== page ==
Deer Die-Off in Central Oregon
Oregon Department of Fish and Wildlife (ODFW) biologists received lab results today confirming that a recent die-off of at least 30 mule deer in the Crooked River Ranch area is due to the viral infection, Adenovirus Hemorrhagic Disease (AHD). The area is north of Redmond, near Terrebonne.

"The affected deer were found within a 15-mile radius of Crooked River Ranch this past week," said Steven George, Deschutes District wildlife biologist. "Although the virus is not well understood, we do know that it is highly contagious among deer and likely spreads in areas of high deer concentration, particularly where people feed and water deer. For that reason, it's important not to feed or water deer to reduce the chance of transmitting the virus to uninfected deer," added George.

After investigating reports of dead deer, ODFW biologists brought carcasses to Dr. Little Liedblad of Broken Top Veterinary Clinic. Liedblad worked with Oregon State University School of Veterinary Medicine to confirm AHD is causing the deaths. AHD is one of three hemorrhagic diseases that affect deer and all have similar symptoms that can include: rapid or open mouth breathing; foaming or drooling at the mouth; coughing, ulcers or sores in the mouth; diarrhea (possibly bloody); weakness; and emaciation.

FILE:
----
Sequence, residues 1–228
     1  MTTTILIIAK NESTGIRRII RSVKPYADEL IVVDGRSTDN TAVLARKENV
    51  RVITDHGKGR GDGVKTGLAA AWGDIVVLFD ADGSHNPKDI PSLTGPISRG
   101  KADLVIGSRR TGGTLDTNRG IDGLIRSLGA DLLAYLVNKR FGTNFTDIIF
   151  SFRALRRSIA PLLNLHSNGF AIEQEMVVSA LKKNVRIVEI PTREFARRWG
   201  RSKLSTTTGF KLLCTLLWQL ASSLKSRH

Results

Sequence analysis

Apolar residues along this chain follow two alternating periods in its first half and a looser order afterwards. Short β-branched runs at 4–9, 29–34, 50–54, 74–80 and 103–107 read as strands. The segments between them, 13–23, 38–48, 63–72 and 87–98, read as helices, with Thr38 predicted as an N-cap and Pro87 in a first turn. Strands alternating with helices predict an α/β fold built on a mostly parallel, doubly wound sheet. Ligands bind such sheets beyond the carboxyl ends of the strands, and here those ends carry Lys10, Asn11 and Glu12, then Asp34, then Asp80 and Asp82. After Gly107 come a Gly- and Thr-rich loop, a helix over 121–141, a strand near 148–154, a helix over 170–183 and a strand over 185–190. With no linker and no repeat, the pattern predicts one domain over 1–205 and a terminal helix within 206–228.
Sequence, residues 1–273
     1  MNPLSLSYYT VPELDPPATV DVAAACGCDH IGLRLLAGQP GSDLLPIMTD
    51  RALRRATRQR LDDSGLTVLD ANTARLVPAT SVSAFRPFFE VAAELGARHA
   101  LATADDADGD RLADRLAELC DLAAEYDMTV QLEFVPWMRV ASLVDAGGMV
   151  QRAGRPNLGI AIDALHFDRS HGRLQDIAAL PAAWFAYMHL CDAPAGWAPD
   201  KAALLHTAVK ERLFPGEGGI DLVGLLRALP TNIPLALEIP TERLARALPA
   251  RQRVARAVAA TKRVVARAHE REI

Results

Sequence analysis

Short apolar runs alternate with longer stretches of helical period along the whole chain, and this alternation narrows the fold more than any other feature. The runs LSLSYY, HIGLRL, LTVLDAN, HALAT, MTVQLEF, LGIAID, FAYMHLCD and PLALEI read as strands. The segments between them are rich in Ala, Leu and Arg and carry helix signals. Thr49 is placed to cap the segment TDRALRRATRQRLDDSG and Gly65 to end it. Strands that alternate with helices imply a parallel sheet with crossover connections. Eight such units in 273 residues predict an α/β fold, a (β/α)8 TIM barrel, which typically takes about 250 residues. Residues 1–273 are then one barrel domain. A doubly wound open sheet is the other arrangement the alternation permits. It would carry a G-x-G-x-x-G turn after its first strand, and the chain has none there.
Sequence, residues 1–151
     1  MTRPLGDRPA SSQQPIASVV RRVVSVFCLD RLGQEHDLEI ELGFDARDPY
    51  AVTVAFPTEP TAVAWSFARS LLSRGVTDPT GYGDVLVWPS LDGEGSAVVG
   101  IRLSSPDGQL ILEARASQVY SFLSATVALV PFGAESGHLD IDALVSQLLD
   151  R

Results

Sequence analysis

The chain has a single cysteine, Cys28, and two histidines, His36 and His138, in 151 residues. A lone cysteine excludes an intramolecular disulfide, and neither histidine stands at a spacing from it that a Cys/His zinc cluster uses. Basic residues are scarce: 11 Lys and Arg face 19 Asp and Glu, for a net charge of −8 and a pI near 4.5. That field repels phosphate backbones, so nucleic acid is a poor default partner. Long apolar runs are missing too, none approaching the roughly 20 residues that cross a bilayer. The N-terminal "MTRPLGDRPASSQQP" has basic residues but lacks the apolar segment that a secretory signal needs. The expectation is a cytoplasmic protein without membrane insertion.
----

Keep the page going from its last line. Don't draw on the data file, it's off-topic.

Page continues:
Biologists request that observations of deer with any of these symptoms be reported to the Bend ODFW office at (541) 388-6363. There is no evidence that humans, domestic pets or livestock can acquire the disease, which mainly affects mule, and black-tailed and white-tailed deer. Clinical tests conducted in California indicated transmission of AHD is by direct contact between deer and could possibly be airborne, infecting nearby deer. The disease can have as short as a three-day incubation time, and deer can die in two to five days after exposure. The virus doesn't always kill the deer, but delayed death could result because they are weakened and more susceptible to other infections.

A large percentage of deer that get the virus will die. Different adenovirus strains are common among mammals. Wildlife biologists will closely monitor the disease outbreak and will also require changes to rehabilitation and release of deer fawns.

"For many years, ODFW, in cooperation with volunteers, has rehabilitated orphaned deer fawns," said George. "We will not be able to take in orphaned fawns and rehabilitate them for future release as long as this disease outbreak is occurring. This is an unfortunate situation, but we don't want to risk spreading this disease any further," he said.

AHD was first confirmed in Oregon in 1999 in Harney County and is known to be present in Benton, Linn, Lane, Douglas, Jackson and Josephine counties. The disease first appeared in California in 1993 where an AHD outbreak killed several thousand deer in 17 counties and also included pronghorns. Although large-scale outbreaks can occur, localized sporadic cases are more common. Information on AHD is available on the ODFW website at under the Main Wildlife Page.

| WH Home | Contact Western | WH Archive |

Copyright © 2002 J & D Outdoor Communications. All rights reserved.